Grant Ramaley’s picture

By: Grant Ramaley

As the 2020 pandemic threatened world health, a large number of unscrupulous companies began generating fake International Organization for Standardization (ISO) quality management system (QMS) certificates in an attempt to fool governments into buying personal protective equipment (PPE), ventilators, thermometers, and Covid-19 test kits. The credibility of ISO 13485 certificates used to certify medical devices suddenly became a crisis.

Aside from the obvious fake certificates, other companies were paying to get certificates with little or no oversight as to how they were earned. If the goal of getting certified is to gain worldwide recognition, it’s important to understand what makes an ISO certificate valid, especially when paying thousands of dollars for an ISO QMS certificate that may not be considered valid by ISO. Companies may think they are getting a credible certificate but find themselves exposed later when trying to sell their products to those who require certificates issued from accredited certification bodies.

Drew Calvert’s picture

By: Drew Calvert

For the past decade, policymakers and nongovernmental organizations have pushed for greater transparency in supply chains, with the goal of encouraging more responsible sourcing practices. The Dodd-Frank Act, for example, required firms to disclose their suppliers’ involvement with any “conflict minerals” such as gold, tin, or tantalum, a metal used in phones and computers. More recently, France passed legislation to ensure carbon emissions reporting.

At the same time, many companies have pledged to be more vigilant and open about protecting the people who manufacture their products. After the Rana Plaza disaster in Bangladesh in 2013—a building collapse that killed more than a thousand garment and textile workers—a number of brands joined a coalition to hold their suppliers accountable.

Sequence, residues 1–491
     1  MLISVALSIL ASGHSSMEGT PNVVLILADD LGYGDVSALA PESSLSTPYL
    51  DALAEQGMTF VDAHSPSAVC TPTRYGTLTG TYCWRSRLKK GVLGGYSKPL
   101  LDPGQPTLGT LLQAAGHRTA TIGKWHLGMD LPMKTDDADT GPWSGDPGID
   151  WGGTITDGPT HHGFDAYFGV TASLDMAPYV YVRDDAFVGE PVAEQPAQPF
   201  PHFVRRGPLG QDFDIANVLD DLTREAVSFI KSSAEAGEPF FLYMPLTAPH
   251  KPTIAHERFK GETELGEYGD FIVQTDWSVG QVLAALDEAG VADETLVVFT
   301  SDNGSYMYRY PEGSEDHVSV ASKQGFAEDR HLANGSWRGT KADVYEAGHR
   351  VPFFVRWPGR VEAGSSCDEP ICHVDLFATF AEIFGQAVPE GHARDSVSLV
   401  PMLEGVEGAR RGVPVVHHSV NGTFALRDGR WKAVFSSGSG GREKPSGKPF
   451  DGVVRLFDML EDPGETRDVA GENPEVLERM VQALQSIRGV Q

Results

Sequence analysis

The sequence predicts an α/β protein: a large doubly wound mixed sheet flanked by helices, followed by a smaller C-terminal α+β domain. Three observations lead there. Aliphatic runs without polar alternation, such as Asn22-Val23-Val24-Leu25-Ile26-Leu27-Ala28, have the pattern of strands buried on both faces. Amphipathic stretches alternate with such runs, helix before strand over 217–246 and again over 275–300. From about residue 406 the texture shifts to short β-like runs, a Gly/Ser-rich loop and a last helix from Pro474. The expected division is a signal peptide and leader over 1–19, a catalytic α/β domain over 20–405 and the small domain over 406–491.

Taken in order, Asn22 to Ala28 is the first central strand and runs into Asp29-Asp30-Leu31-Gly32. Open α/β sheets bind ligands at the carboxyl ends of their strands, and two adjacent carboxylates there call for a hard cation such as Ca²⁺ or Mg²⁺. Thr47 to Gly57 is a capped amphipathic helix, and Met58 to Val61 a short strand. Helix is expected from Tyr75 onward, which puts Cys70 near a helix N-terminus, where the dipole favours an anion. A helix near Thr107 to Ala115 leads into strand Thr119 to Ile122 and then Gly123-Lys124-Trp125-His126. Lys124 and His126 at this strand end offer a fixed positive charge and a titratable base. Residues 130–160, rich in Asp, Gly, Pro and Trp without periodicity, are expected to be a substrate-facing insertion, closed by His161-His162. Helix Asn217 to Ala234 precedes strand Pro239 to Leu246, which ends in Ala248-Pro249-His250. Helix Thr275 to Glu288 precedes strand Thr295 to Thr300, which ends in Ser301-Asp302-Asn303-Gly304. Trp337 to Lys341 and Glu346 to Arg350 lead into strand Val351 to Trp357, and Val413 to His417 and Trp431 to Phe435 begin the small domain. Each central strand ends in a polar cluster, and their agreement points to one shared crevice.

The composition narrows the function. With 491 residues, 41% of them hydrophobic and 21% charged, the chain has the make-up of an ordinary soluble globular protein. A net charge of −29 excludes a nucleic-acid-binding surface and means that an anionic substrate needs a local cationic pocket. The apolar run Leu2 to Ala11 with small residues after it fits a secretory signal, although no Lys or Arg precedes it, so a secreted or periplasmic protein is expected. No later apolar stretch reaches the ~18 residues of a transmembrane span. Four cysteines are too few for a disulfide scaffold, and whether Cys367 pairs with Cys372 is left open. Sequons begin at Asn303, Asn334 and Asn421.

MIT News’s picture

By: MIT News

Buildings account for about 40 percent of U.S. energy consumption, and are responsible for one-third of global carbon dioxide emissions. Making buildings more energy-efficient is not only a cost-saving measure, but also a crucial climate-change mitigation strategy. Hence the rise of “smart” buildings, which are increasingly becoming the norm around the world.

Smart buildings automate systems like heating, ventilation, and air conditioning (HVAC), lighting, electricity, and security. Automation requires sensory data, such as indoor and outdoor temperature and humidity, carbon dioxide concentration, and occupancy status. Smart buildings leverage data in a combination of technologies that can make them more energy-efficient.

Since HVAC systems account for nearly half of a building’s energy use, smart buildings use smart thermostats, which automate HVAC controls and can learn the temperature preferences of a building’s occupants.

Matthew Bundy’s picture